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Faith at work

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Many have boasted about St. Vincent and the Grenadines being a Christian nation. In fact, our country has long been referred to as the Land of the Blessed. I can recall as a child, that it was compulsory that prayers be said several times during the school day. Even today you can almost set your clock by the consistency of these religious rituals in our educational institutions. Despite that, not many of our corporate leaders incorporate Christian godly principles in their business operations.

Recently, while compiling the chapters of my newly published motivational devotional book, Lifeline, I was pleasantly surprised by the number of biblical principles that are also tried and tested business management principles. For instance, the bible speaks about being good stewards of whatever is entrusted to your care (Mat 25:21-22) and giving an honest day’s work (Col 3:23). These principles translate into your employees being accountable for their job responsibilities and making every effort to ensure that they give 100%, 100% of the time.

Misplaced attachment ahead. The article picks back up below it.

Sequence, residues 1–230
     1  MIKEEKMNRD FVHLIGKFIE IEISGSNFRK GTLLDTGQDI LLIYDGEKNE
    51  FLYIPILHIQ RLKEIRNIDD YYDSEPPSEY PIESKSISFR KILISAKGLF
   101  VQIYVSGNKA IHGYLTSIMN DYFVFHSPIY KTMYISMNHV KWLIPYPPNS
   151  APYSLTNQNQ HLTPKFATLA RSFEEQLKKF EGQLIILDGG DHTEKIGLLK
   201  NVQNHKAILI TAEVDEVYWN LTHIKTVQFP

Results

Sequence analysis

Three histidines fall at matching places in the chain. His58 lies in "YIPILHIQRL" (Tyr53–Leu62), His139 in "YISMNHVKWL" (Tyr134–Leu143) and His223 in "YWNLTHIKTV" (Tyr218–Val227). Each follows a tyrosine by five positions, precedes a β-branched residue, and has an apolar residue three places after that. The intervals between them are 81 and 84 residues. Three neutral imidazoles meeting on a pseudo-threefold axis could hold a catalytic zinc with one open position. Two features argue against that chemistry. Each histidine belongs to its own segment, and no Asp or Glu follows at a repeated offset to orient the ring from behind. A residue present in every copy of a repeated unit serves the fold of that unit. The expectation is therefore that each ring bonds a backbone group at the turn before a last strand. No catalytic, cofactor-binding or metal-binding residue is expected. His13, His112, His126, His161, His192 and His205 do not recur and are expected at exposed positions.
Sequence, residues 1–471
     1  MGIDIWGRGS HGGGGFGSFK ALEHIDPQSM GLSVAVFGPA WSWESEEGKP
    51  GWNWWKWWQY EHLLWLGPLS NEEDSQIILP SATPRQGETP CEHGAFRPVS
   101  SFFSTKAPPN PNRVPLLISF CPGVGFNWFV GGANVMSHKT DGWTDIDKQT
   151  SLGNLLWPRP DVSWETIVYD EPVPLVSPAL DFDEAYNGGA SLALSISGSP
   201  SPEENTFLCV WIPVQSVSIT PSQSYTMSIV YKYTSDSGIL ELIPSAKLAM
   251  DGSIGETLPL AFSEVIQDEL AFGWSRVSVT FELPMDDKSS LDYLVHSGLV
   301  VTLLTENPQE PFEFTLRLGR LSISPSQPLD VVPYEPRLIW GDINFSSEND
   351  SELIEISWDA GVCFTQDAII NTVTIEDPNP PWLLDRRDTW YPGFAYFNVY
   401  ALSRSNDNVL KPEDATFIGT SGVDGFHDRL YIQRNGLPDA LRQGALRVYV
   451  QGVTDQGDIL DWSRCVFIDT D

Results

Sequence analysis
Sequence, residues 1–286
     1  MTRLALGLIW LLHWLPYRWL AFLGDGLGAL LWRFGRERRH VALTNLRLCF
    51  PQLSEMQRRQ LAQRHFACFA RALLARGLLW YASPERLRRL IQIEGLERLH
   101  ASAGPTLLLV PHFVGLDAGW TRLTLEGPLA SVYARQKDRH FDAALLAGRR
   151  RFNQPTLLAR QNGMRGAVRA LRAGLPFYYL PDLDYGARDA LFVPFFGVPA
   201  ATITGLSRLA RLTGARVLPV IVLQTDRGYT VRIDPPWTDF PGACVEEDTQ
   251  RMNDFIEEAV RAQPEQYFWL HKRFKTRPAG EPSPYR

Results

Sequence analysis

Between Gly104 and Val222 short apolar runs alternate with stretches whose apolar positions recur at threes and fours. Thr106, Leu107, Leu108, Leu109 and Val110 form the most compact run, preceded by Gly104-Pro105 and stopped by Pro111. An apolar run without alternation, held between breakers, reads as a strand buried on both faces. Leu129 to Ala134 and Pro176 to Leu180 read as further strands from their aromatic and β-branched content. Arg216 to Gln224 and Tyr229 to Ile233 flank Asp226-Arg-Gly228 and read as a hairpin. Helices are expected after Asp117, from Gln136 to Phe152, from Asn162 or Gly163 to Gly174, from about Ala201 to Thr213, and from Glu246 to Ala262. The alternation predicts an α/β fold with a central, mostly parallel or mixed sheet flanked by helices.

Another biblical principle is that, you should work in the best interest of, and pray for the establishment in which you find yourself, since the welfare of that establishment determines your welfare (Jeremiah 29:7); this holds true even if it is not where you desire to be. Could you imagine the metamorphosis that would take place in your business and work environment if these principles were adopted? Just these two out of numerous similar biblical principles have the potential to significantly raise the level of employee engagement, transparency and accountability in your operations.

Unfortunately, it has become noticeable that many have gone to great lengths to separate their faith from their work.

Since your faith dictates your belief system, code of conduct, and moral compass, then separating your faith from your business could be to your detriment. Be careful not to misunderstand my philosophical proposal. I am not suggesting that you attempt to indoctrinate or radicalise your staff. I am also not proposing that you hold your employees captive by the manmade doctrines that have so widely divided the Christian community. Instead, I put forward that, since we claim to hold godly principles in such high esteem in our country, then we may consider challenging ourselves and our employees not to compartmentalise these ideologies, but to embrace them in every aspect of our operations.

Dr. Wendyann Richardson is a Management Consultant who specializes in corporate governance, business operations management and refining of skills through training. She can be reached at [email protected]